- UN Inter-agency Group for Child Mortality Estimation: Levels & Trends in Child Mortality. 2013, 1-30. http://www.childinfo.org/files/Child_Mortality_Report_2013.pdf,Google Scholar
- Cousens S, et al: National, regional, and worldwide estimates of stillbirth rates in 2009 with trends since 1995: a systematic analysis. Lancet. 2011, 377 (9774): 1319-1330. 10.1016/S0140-6736(10)62310-0.View ArticlePubMedGoogle Scholar
- Filippi V, et al: Maternal health in poor countries: the broader context and a call for action. Lancet. 2006, 368 (9546): 1535-1541. 10.1016/S0140-6736(06)69384-7.View ArticlePubMedGoogle Scholar
- Kusiako T, Ronsmans C, Van der Paal L: Perinatal mortality attributable to complications of childbirth in Matlab, Bangladesh. Bull World Health Organ. 2000, 78 (5): 621-627.PubMedPubMed CentralGoogle Scholar
- Weiner R, et al: Labour complications remain the most important risk factors for perinatal mortality in rural Kenya. Bull World Health Organ. 2003, 81 (8): 561-566.PubMedPubMed CentralGoogle Scholar
- Katz J, et al: Risk factors for early infant mortality in Sarlahi district, Nepal. Bull World Health Organ. 2003, 81 (10): 717-725.PubMedPubMed CentralGoogle Scholar
- Wu G, et al: Maternal nutrition and fetal development. J Nutr. 2004, 134 (9): 2169-2172.PubMedGoogle Scholar
- Steketee RW, et al: The burden of malaria in pregnancy in malaria-endemic areas. Am J Trop Med Hyg. 2001, 64 (1–2 Suppl): 28-35.PubMedGoogle Scholar
- Brocklehurst P, French R: The association between maternal HIV infection and perinatal outcome: a systematic review of the literature and meta-analysis. Br J Obstet Gynaecol. 1998, 105 (8): 836-848. 10.1111/j.1471-0528.1998.tb10227.x.View ArticlePubMedGoogle Scholar
- Kumar V, et al: Community-driven impact of a newborn-focused behavioral intervention on maternal health in Shivgarh, India. Int J Gynaecol Obstet. 2012, 117 (1): 48-55. 10.1016/j.ijgo.2011.10.031.View ArticlePubMedGoogle Scholar
- Lawn JE, Cousens S, Zupan J: 4 million neonatal deaths: when? Where? Why?. Lancet. 2005, 365 (9462): 891-900. 10.1016/S0140-6736(05)71048-5.View ArticlePubMedGoogle Scholar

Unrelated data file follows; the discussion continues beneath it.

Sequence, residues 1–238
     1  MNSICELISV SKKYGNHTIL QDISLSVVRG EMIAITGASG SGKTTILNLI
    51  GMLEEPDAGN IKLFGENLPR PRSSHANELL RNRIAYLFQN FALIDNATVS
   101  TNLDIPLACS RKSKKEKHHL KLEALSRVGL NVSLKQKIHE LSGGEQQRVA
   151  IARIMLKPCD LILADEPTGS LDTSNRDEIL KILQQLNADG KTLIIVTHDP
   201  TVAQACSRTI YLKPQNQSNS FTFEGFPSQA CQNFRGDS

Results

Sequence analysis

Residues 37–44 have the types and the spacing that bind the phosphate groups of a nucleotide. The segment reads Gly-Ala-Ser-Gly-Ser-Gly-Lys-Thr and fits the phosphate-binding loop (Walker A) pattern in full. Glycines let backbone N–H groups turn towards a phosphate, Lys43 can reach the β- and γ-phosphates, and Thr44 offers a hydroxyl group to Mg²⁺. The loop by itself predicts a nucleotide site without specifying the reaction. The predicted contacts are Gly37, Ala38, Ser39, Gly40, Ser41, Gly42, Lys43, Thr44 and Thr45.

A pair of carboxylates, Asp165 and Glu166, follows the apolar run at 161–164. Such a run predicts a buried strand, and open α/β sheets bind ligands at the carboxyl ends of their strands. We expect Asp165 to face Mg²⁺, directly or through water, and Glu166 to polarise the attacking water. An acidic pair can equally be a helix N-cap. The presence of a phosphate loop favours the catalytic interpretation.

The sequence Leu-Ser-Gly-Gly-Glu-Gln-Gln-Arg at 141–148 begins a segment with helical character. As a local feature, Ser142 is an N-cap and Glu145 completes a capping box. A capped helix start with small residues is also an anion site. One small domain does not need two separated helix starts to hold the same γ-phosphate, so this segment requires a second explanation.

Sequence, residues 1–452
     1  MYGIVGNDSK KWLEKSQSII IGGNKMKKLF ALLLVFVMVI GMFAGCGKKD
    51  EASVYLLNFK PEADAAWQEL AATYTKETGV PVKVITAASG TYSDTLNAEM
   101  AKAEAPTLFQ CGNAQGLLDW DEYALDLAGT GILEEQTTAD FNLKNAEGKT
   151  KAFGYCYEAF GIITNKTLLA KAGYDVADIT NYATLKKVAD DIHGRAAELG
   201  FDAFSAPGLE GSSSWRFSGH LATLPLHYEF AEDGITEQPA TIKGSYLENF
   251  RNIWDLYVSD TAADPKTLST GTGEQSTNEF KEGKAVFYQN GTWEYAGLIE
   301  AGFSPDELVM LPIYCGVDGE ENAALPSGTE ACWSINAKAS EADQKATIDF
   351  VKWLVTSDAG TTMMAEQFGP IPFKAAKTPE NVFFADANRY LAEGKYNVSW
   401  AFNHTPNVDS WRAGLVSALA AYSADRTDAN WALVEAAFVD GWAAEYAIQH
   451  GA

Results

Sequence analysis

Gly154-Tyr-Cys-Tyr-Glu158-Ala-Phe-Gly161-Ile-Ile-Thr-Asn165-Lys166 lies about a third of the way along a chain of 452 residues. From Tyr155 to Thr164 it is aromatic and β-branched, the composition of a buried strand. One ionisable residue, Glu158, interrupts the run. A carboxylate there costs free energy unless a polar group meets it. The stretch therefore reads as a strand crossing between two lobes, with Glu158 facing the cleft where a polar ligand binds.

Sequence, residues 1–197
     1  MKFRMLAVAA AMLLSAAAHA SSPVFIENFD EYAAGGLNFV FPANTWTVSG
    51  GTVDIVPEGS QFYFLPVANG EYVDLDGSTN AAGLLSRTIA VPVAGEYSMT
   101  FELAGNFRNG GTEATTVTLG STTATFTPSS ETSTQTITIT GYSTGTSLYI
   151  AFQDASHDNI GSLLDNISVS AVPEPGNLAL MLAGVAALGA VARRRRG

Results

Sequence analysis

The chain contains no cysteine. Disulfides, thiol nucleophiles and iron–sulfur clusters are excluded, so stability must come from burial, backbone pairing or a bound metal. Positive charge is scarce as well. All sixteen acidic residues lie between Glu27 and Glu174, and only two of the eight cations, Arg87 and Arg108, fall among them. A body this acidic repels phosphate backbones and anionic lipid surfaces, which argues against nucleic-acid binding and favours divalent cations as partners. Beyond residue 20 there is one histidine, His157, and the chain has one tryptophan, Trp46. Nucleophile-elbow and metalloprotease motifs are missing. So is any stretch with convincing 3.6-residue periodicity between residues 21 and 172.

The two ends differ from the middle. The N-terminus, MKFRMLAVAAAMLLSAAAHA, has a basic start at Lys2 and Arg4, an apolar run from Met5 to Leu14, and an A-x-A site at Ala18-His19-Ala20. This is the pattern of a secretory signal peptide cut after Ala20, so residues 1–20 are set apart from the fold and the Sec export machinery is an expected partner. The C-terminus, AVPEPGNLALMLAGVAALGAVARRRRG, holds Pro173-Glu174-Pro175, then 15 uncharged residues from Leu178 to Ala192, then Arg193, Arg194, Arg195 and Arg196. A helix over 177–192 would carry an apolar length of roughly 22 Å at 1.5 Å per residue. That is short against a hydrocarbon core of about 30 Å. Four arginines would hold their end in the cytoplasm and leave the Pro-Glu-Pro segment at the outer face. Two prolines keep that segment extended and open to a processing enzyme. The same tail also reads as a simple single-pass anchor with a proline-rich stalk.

- Li XF, et al: The postpartum period: the key to maternal mortality. Int J Gynaecol Obstet. 1996, 54 (1): 1-10. 10.1016/0020-7292(96)02667-7.View ArticlePubMedGoogle Scholar
- Save the Children: State of the World’s Mothers. 2013, http://www.savethechildrenweb.org/SOWM-2013/, 2013(Last accessed 3 August 2013Google Scholar
- Black RE, et al: Global, regional, and national causes of child mortality in 2008: a systematic analysis. Lancet. 2010, 375 (9730): 1969-1987. 10.1016/S0140-6736(10)60549-1.View ArticlePubMedGoogle Scholar
- Darmstadt GL, et al: Evidence-based, cost-effective interventions: how many newborn babies can we save?. Lancet. 2005, 365 (9463): 977-988. 10.1016/S0140-6736(05)71088-6.View ArticlePubMedGoogle Scholar
- Bryce J, et al: Countdown to 2015 for maternal, newborn, and child survival: the 2008 report on tracking coverage of interventions. Lancet. 2008, 371 (9620): 1247-1258.View ArticlePubMedGoogle Scholar
- Bhutta ZA, et al: Countdown to 2015 decade report (2000–10): taking stock of maternal, newborn, and child survival. Lancet. 2010, 375 (9730): 2032-2044. 10.1016/S0140-6736(10)60678-2.View ArticlePubMedGoogle Scholar
- Partnership for Maternal Newborn & Child Health: A Global Review of the Key Interventions Related to Reproductive, Maternal Newborn and Child Health (RMNCH). 2011, Geneva, Switzerland: PMNCH, http://www.who.int/pmnch/topics/part-publications/essential-interventions-18-01-2012.pdf,Google Scholar
- Darmstadt GL, et al: Saving newborn lives in Asia and Africa: cost and impact of phased scale-up of interventions within the continuum of care. Health Policy Plan. 2008, 23 (2): 101-117.View ArticlePubMedGoogle Scholar